How to make meetings count

Have you ever felt like your weekly meeting has become set in stone, regardless of whether it’s needed or serves a useful purpose?

Don’t worry if you’ve had these thoughts, as you’re not alone. In fact, 70% of workers, from senior management down to junior admin staff, share your views.

Attendees have described their experience as “frustrating” and “unproductive” for the most part. They have come to dread the weekly gatherings. So, the challenge must surely be how to shape this time with your team into a positive experience for everyone.

© Alex from the Rock /

Making your meetings count is the key to better team bonding and greater efficiency. By endeavouring to create a meeting that is beneficial for all, this will stop some attendees from thinking they’ve just wasted a valuable chunk of their working day.

How can you keep employees interested?

Research shows that poorly planned meetings cause a dip in morale and reduce employee productivity, before and after they take place. Surveys show 64% of us feel more enthusiastic about a meeting that’s well-planned – no-one wants a chaotic experience.

The main concern is understanding the goal of your meeting. Ask yourself if the topic is worthy of a formal get together, or whether it can it be addressed in a different way. Often, no-one dares question their usefulness, but 71% of senior managers admit to having attended or organised an unproductive meeting.

Once you’ve determined whether there’s a valid reason to call a meeting, consider whether all employees in your remit need to attend – some will not value their time in a meeting if the topic isn’t directly linked to them. If they show no interest, this could distract those who need to be there.

All too often, problems arise when an entire department is bombarded with details that are irrelevant and unnecessary to most of them. Smaller can be better when it comes to meetings, so pare your delegates down to those who are actually needed.

How should you prepare?

If you intend to discuss a complex issue, make sure everyone is in the loop and understands the topic. This means distributing background material at least one day ahead of time, so people can read and digest it. Prepare a concise agenda that covers the topic fully, but doesn’t include unnecessary points that veer off the issue in hand.

Almost two-thirds of executives have admitted to chairing a meeting without a set agenda. This can be counter-productive, since its purpose is to provide everyone present with a complete meeting programme. An agenda helps attendees deal with the relevant points in an appropriate timeframe. Without it, discussions can veer off-topic and people may wonder why they are there.

Who should speak at the meeting?

When you’re looking for a key speaker, pick someone who has the respect and trust of the employees. The best type of speaker is one who not only has all the relevant knowledge, but who also has a confident manner and the charisma to hold everyone’s attention.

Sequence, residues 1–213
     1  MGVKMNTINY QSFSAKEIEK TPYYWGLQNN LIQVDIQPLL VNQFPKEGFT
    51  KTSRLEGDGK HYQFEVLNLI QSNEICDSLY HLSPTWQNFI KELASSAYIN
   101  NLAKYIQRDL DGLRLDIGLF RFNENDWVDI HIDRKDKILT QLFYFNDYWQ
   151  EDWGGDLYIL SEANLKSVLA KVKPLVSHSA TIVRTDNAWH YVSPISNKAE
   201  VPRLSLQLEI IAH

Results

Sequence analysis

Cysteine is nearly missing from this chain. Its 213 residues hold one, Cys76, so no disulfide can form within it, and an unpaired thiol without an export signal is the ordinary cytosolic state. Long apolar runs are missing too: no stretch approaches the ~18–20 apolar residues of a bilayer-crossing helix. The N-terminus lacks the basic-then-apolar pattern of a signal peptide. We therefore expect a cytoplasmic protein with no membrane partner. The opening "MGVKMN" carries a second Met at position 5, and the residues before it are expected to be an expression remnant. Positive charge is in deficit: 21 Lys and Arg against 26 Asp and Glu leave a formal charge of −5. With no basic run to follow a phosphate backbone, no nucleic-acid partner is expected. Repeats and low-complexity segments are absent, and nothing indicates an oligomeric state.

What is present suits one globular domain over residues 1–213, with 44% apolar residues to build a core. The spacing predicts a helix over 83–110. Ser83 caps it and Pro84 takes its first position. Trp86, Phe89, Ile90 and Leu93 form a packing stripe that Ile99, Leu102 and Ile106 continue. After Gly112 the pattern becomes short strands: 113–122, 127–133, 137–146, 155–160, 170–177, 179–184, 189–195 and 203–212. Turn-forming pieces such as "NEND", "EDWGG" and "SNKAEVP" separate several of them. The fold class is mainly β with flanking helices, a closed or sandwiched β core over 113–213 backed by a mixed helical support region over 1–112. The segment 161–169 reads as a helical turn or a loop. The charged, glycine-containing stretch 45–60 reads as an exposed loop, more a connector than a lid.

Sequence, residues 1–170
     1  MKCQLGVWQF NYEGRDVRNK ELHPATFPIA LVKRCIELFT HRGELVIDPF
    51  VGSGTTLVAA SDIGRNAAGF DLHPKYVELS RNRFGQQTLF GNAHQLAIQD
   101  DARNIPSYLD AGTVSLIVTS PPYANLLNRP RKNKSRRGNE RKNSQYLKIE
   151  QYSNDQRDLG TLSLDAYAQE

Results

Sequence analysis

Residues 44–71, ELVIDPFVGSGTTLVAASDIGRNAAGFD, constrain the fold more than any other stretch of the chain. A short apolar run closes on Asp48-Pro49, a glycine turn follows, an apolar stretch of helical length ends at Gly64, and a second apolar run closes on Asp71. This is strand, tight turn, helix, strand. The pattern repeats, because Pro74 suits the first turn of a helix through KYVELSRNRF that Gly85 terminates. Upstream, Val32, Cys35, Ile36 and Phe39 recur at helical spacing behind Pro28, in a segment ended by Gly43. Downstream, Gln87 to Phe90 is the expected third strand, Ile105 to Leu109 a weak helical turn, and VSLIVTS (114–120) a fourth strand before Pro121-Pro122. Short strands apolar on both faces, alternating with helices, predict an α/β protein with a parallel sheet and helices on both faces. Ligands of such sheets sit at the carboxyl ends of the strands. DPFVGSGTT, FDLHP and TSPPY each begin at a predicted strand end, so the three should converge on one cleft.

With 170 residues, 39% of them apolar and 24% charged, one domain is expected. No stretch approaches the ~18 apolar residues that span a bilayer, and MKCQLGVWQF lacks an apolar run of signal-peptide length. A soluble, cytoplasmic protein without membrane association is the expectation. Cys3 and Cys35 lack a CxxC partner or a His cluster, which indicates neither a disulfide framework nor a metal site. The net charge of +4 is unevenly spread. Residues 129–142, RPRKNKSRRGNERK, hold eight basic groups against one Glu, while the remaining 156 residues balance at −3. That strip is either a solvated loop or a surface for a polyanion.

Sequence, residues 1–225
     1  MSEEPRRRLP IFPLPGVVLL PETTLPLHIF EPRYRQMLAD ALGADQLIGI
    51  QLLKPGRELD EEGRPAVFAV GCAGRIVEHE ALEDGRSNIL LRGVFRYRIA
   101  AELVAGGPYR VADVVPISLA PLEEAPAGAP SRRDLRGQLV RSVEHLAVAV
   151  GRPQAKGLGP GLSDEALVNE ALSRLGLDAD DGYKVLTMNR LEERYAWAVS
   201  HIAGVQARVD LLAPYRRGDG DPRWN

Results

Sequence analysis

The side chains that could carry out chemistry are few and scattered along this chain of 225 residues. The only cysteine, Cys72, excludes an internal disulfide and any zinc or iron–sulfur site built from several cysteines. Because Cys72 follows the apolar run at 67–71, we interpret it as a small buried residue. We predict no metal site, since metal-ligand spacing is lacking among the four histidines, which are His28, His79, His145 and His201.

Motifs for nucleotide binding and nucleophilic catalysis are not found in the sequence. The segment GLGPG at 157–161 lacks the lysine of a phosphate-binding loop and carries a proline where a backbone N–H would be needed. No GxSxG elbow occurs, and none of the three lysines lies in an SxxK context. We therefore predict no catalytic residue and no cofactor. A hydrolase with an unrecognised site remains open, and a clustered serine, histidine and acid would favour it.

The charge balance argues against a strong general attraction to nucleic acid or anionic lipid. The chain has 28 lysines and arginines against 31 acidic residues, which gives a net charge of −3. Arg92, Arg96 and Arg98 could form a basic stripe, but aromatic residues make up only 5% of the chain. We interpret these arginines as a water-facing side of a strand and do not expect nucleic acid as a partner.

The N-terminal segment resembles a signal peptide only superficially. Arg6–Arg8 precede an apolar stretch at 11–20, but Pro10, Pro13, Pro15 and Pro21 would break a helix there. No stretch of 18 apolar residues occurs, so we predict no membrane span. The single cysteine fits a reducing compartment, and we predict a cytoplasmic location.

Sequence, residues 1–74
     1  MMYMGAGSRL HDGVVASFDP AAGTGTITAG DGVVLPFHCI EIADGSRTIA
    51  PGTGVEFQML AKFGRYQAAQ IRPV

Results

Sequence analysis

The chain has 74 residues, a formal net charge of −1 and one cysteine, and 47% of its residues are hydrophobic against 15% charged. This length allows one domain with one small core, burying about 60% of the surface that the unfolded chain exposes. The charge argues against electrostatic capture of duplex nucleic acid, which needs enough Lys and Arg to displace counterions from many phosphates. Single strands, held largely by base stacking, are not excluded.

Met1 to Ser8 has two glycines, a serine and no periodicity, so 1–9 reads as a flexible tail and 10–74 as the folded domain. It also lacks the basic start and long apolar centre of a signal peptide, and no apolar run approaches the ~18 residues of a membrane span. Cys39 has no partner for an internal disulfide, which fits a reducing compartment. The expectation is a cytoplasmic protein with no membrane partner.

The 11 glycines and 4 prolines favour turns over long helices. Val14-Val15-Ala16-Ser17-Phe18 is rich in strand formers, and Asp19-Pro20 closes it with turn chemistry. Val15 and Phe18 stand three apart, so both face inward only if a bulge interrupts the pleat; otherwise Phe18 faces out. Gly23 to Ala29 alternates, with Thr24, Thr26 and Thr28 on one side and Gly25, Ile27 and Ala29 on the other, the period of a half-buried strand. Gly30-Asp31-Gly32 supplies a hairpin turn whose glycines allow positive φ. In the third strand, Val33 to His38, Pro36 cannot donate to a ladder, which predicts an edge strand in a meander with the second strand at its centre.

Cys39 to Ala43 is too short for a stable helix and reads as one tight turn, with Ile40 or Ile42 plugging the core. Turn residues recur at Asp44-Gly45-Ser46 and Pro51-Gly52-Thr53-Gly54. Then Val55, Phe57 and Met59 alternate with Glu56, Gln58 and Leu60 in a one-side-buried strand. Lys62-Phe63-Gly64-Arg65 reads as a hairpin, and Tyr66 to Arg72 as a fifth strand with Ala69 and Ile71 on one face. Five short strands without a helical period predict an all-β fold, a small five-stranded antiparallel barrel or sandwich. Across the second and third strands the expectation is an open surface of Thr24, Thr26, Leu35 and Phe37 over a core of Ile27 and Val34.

Their job should be to promote a productive and fast-paced meeting, so if they invite questions from the floor and someone goes off track, they can quickly steer proceedings back to the topic in hand. Pick an individual who has backbone.

Meeting rooms and technology

If your meetings often involve casually sitting round chatting in the general office, this can give the impression they’re unimportant. While it’s good to feel relaxed, this can also be too low-key. Gathering in an official meeting room can help, as it takes delegates outside their normal setting and emphasises the relevance of the get-together. Modern meeting rooms are also more likely to have the latest technology to rise to the challenges of today’s workplace. For example, if you believe certain employees need to attend, but they are based at another site and you’re on a tight schedule, video conferencing facilities can be a massive bonus.

With a growing trend for remote workers, meetings have evolved. Advances in technology mean the way employees connect and communicate have changed. Delegates who may have dreaded setting off on a road trip to a meeting, taking up a portion of their working day, don’t need to worry about this anymore.

Hosting a hybrid meeting, with some delegates attending in person and others by a video link, can be a highly productive solution. While 95% of professionals feel meeting in person is more effective to foster good working relationships, there will always be a place for video conferencing in the modern workplace.

Seating and catering

The benefits of using a designated meeting room means you can arrange the seating to your best advantage. While sitting around a long table in the boardroom may have sufficed in years gone by, there are many more efficient ways of organising the room layout today.

Make sure everyone can see, hear and be heard. One-fifth of attendees have cited poor communication at the meeting as ruining their experience. Sitting at the back of a badly laid-out room, where you can’t hear what’s going on, will leave even the most dedicated employee feeling they’ve wasted their time. Finally, although the bottom line is that everyone’s there to work, excellent excellent catering improves the overall experience for just about everyone. Among 18 to 29-year-olds, 71% said having a nice lunch was one reason they enjoyed a meeting.

Don’t leave delegates walking away shaking their head and wondering why they bothered: follow a few simple tips and watch engagement and productivity boom!

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